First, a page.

The funeral of Mark Duggan was held in North London on September 9. Hundreds gathered to pay their respects to the 29-year-old father of four, whose death at the hands of police on August 4 sparked riots in several cities in England.
His coffin was carried around the Broadwater Farm estate to a full church, where a speaker system had been set up for those who had gathered on the street outside. Family members gave emotional tributes to Duggan as a family man and a respected member of the community.
Tensions were high on the eve of the funeral, prompted by a provocative article published by the Times, owned by Rupert Murdoch’s News International. The article cited anonymous official sources who indicated that the officer who killed Duggan was to be cleared of any wrong-doingon the grounds that he acted on “an honest-held belief that he was in imminent danger of him or his colleagues being shot”.
Ballistics tests proved that the bullet found lodged in one officer’s radio originated from a weapon fired by one of the officers involved. Police had originally claimed this bullet was fired by Duggan. Another leak in the same article also stated that the gun found in the taxi in which Duggan had been riding before his death did not bear his fingerprints.
The article continued that “the Metropolitan Police are ready to reinstate the officer,” who would continue in the firearms unit and would once again carry a gun.
Channel 4 News and others sources subsequently disputed these claims, reporting that the four officers involved have been removed from operational firearms duties and are under investigation. The Metropolitan Police have said the report by the Times was wrong.
In light of the many other brazen falsifications by police following the shooting and following many other similar cases in the past—most notably the shooting of Jean Charles de Menezes, who was murdered in 2005 by an armed police unit at Stockwell Tube station—the report in The Times cannot be lightly dismissed.
The London Net noted that the law is protective of officers who shoot and kill. It reported that the verdict that the Times claims is forthcoming is in line with the position lately adopted by courts that a police officer is not guilty of murder or manslaughter if he “was labouring under a mistake as to facts...whether the mistake was, on an objective view, a reasonable mistake or not.”
This is a citation to the case of Beckford v R, in which a defendant police officer was told that a suspect was armed and dangerous and he shot him. The prosecution argued that the victim was unarmed and presented no threat to the police officer. But the case instead provided the model direction to juries cited by the London Net: a killing by an officer is not unlawful if, in the circumstances as the officer perceived them at the time (i.e., as the officer later claims to have perceived them at the time), the officer used reasonable force to defend himself.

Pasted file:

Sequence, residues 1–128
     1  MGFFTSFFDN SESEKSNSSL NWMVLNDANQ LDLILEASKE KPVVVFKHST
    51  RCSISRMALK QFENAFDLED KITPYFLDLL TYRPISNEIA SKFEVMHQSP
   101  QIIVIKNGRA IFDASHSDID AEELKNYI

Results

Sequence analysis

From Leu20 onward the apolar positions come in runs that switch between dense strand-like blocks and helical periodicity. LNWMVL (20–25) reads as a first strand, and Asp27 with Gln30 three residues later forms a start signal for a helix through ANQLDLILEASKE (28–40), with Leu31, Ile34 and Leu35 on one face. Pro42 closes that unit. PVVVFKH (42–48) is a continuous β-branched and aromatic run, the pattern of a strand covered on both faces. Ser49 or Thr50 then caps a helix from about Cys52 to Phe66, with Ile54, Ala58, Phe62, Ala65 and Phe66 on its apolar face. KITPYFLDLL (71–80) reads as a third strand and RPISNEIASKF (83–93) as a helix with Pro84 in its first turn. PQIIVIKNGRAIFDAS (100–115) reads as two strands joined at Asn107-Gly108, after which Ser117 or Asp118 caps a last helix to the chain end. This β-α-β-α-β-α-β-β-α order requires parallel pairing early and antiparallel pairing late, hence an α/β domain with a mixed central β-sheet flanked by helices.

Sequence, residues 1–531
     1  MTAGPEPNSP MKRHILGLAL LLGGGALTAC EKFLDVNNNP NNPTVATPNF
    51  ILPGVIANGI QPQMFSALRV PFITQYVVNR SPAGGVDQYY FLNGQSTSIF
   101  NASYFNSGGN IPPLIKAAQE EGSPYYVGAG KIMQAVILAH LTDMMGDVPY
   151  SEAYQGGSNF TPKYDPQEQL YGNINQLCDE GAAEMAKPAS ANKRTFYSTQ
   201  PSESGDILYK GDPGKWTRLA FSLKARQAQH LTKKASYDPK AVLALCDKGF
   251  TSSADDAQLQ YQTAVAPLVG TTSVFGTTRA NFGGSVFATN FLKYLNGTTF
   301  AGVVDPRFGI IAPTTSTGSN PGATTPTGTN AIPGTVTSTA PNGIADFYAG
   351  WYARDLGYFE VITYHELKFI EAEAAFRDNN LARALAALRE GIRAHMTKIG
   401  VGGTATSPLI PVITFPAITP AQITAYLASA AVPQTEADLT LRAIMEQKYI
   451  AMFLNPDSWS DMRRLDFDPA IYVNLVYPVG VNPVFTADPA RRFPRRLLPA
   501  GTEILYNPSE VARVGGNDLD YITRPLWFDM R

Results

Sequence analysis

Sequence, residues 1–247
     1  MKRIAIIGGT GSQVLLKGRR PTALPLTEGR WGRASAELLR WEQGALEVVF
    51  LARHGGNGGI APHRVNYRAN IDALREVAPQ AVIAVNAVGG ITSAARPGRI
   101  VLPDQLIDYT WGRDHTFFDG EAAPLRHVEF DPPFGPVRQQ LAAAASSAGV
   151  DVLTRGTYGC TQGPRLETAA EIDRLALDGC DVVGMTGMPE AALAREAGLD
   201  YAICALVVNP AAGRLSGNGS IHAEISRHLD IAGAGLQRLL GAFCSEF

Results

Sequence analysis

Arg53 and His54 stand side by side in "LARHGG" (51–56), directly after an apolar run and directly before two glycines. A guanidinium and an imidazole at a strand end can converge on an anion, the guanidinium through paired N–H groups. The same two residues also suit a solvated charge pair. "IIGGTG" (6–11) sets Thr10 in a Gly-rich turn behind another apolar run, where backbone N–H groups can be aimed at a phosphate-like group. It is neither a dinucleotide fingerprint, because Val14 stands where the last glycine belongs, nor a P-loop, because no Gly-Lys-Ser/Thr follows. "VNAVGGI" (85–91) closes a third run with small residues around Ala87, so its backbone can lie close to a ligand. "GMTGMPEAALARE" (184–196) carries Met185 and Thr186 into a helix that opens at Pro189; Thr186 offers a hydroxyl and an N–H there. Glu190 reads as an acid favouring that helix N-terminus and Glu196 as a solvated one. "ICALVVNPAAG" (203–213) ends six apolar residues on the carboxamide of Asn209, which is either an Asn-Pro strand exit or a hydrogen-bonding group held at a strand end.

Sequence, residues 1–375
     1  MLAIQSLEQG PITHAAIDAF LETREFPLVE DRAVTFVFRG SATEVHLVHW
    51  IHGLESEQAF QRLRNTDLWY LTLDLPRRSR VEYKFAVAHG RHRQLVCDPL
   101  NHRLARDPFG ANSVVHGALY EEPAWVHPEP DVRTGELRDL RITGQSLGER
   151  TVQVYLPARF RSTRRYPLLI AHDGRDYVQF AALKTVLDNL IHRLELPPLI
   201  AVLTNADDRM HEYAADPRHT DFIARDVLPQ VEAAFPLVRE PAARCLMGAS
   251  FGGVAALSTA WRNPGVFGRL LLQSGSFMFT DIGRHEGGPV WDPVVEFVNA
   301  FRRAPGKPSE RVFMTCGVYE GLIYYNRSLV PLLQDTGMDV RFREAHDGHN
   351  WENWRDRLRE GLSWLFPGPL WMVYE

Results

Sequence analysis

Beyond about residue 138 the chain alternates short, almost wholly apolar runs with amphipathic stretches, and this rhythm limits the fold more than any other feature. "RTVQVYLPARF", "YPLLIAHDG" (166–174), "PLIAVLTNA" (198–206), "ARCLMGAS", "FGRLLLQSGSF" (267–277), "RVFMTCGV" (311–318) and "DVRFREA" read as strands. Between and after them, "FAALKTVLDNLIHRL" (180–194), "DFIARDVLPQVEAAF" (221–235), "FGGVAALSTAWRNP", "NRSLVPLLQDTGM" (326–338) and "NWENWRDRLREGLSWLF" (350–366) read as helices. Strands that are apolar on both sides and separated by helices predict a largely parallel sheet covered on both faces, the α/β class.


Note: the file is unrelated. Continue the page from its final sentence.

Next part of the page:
Shaun Hall, Duggan’s brother, said he had no confidence in the investigation by the Independent Police Complaints Commission (IPCC). He has called for more witnesses to the killing to come forward, and he has made an appeal for anyone with video footage to make it available to the public.
Hall reported that Mark Duggan’s son “was asked by a tabloid reporter if he was part of his dad’s same gang…. My 10-year-old nephew as part of a gang? This is just absolutely absurd.”
Duggan’s family has voiced concerns that the IPCC may be moving to disband a community reference group set up to help with the investigation. The IPCC recently announced a review of the group. The IPCC denied it had any such plans, but said the review would reflect on the “purpose and scope of the group”.
The government continues to deny any relationship between the riots and Duggan’s killing and broader questions of social inequality and police brutality. Instead, it insists that “gang culture” is the issue, covering up the deeper problems.
An international summit is to be hosted by Home Secretary Theresa May on how street gangs should be dealt with. Even as it was announced, May admitted that about only 19 percent of those arrested in connection with the riots in London had affiliations to gangs, as opposed to original claims of one third. May added that this figure is likely to keep falling, as she expects more arrests to be made for some time.
When asked what caused the riots, May said it was “very difficult to say” but added she was “very cautious” about making a direct link between the riots and Duggan’s killing.
Attorney General Dominic Grieve praised the draconian sentences imposed on youth, adding that the response of the courts to the riots proved that the criminal justice system could be made more efficient. “Processes which would normally take an adjournment of two weeks took 15 minutes,” he boasted.
Once again, the Labour Party has stepped up to support the government’s law-and-order rhetoric. The Labour MP for Tottenham, David Lammy, said no comparison should be made with previous disturbances after deaths involving the police. He claimed anger was “hijacked” and urged, “We must never, ever allow criminals and gang members to run the streets. The advances in community policing were important, but it needed to go further.”
Speaking at the children’s charity Barnardo’s, Sadiq Khan, the shadow justice secretary, criticised Justice Secretary Ken Clarke for making simplistic assertions when he called the rioters a “feral underclass,” but went on to complain, “This kind of language absolves people from responsibility for their actions, implying that somehow they had no self-control or no choice.”